makeover whaaaat?!

Dear awesome blog readers,

As you may or may not have noticed, I've been on a pretty long hiatus. This is because I am a lazy bum, but also because I have taken to knitting and bible study and otherwise occupying my time with non-blog-content-producing things.

But I'm back! With some big news: a name change! The blog you once knew as La Saloperie can now be found at belle + compass, where I will resume regular posting shortly.

In the meantime, do feel free to follow me on Pinterest, Facebook, or Instagram! See you soon!

Isa

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architectural highlight: Museum für Moderne Kunst Frankfurt

purity is a mythSorry for the intermittent posting but I've been buslazy lately. But to try and make up for it, here's a million pictures of pretty walls!

On my one day in Frankfurt I found myself wandering into the MMK after I felt I had thoroughly explored the Altstadt (around 2 pm) and, while some of the art was certainly cool, found myself thoroughly blown away by the architecture. If this place were my room, I would most certainly clean it on the reg just to keep all the perfectly clean lines and shapes in their place. Also if this place were my house I would never leave it. I would get a bunch of fish and play Palestrina super-loud so it echoed off all the angled white walls.

In short, if you're in need of an architect anytime soon, you should probably definitely give Hans Hollein a call.

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bird's eye view: Frankfurter Dom

MAN-GOYLE tee heeI really only spent a single full day in Frankfurt last week, but even though it is a major metropolis, being a major German metropolis it's just not that big a city. (This is a country where Mainz - a city with a population of around 200,000 - is generally considered to be "a pretty big city". In other news: I grew up between NYC and Bangkok. Let's not talk "big cities".)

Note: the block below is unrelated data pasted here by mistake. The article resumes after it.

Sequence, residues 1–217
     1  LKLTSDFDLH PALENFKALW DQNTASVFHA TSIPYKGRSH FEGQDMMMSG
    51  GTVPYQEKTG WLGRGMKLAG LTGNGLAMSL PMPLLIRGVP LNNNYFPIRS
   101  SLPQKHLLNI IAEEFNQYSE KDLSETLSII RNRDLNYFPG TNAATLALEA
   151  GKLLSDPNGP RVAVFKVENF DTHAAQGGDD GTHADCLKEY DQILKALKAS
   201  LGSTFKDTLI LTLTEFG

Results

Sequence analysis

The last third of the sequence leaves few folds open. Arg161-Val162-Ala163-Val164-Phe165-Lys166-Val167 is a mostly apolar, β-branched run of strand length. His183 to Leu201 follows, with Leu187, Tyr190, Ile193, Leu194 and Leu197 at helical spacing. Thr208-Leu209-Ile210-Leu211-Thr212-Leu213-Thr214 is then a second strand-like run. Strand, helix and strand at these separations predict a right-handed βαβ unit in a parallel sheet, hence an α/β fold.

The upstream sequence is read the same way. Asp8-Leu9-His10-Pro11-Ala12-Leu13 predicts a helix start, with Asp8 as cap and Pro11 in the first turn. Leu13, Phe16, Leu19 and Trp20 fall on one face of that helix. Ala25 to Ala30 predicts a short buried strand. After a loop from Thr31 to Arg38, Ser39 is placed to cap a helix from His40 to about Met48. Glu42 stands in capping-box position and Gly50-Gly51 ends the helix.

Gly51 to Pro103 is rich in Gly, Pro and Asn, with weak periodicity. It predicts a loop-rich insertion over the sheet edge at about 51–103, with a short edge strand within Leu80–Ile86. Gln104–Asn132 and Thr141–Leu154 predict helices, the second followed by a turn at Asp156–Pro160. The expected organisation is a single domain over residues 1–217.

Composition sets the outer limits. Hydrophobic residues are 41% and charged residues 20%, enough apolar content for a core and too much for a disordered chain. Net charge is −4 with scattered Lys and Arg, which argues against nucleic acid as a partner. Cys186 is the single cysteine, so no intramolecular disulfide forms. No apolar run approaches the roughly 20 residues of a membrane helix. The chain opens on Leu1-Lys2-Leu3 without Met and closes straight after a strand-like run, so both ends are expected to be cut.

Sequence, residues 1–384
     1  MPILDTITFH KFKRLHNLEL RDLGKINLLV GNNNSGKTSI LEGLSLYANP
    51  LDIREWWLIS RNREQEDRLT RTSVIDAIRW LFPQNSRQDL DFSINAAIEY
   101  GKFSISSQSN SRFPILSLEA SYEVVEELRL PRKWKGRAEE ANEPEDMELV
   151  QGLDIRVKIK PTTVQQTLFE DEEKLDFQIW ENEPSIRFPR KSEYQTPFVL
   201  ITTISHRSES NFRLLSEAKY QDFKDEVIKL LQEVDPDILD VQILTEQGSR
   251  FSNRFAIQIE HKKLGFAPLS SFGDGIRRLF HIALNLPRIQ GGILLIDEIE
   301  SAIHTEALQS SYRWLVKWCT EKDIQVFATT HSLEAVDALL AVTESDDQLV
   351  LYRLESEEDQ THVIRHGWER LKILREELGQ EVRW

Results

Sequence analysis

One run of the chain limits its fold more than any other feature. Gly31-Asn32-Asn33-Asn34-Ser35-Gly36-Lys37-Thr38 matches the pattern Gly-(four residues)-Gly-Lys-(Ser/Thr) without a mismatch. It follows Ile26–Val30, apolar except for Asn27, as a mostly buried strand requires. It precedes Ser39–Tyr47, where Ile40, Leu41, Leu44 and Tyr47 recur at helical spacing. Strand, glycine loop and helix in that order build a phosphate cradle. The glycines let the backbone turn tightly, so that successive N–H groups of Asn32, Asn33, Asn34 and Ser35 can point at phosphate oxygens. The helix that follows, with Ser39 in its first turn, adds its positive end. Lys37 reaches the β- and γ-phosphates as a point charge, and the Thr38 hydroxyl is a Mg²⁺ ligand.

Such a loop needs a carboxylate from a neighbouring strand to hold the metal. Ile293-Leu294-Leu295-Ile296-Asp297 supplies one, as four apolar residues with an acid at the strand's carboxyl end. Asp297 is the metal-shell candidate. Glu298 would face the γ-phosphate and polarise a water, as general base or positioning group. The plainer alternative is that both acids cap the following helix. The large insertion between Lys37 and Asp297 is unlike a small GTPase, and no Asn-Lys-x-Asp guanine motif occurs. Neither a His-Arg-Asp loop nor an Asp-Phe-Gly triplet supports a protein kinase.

Even so, the few attractions I visited in and around the Altstadt* each seem to be pretty deserving of their own posts, and so here you have the view from the Dom.

If we're to talk about the Dom itself, the million-dollar question is, as usual: how in the hell did they build these things?! Just climbing that tower was wholly dizzifying, not to mention one hell of a work-out (at least I'm working off some of this beer?). Can you imagine carrying the top steps all the way up the bottom steps?! You would die, I'm sure of it.

It's worth mentioning that Frankfurt is really the only city in Germany that has skyscrapers**, but it seems more authentically badass to climb an ancient stone structure with indoor wind than to just pick one and take an elevator. Plus there are man-goyles (see 4th photo)!


*old city center - all German cities have these
**LEARN GERMAN! skyscrapers = Wolkenkratzer - literally, "cloud-scratchers"

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Mainzer Weihnachtsmarkt

Almost overnight, all of Europe seems to have burst into CHRISTMAS. Actually, in Mainz it was very nearly overnight - one day all these wooden structures appeared in the center square, and then a few days later those plain wooden structures erupted into so much tinsel and hot wine and light tourists it can only be described as an assault on the senses. A cheery, heartwarming assault on the senses.

But, of course, as these things are, all the pretty things are too expensive anyways, so you get left with all the affordable things like Bratwurst and pommes frites (instead of calling them "French fries," Germany has decided to call them "fried potatoes"... in French) and tons and tons of Glühwein which is, of course, only good when hot, so chuggity chug chug.

If, of course, the lady you order it from doesn't think you're under 16, WHICH ACTUALLY HAPPENED TO ME THE OTHER DAY.

Honestly, though, I can think of worse ways of procrastinating on studying German grammar (plus I am picking up plenty of holiday-themed vocabulary!) and wrapping up college apps. And, if you follow me on instagram, it's probably clear that I've been procrastinating a whole lot.

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want

1 Under Armour ColdGear 'Cozy" Running Tights | Nordstrom $60
(because it's just to cold to run in anything that's not cozy right now)
2 Marc by Marc Jacobs Bunny Tiny Bracelet & Enamel Eye Bracelet | Shopbop $58 & $38, respectively
3 Crimbleberry Wood Cookie Cutter Ornaments - set of 4 | Marks & Spencer $13
(pretty and practical!)
4 Mignon Memory Ring in Rose Gold | Catbird $48
(because I'm really into these mid-finger rings now.)
5 Gorjana Marni Mid Finger Ring | Shopbop $25
(because I'm really into these mid-finger rings now.)
6 Nars Lipstick in Dolce Vita | Sephora $26
(because this has been conspicuously missing from my face this holiday season)
7 'The Chelsea' Leather Camera Bag in Black | ONA $369
(I want this so bad I would buy it myself... if it weren't for the price tag.)
8 Pendleton, The Portland Collection Tartan Mug Set | Shopbop $58
(because tartan. & tea. And that is totally what I would call my paper goods shop if I had one.)
9 Falke Merino Wool Tights | Saks Fifth Avenue $69
(because your legs need to be warm when you're not running, too.)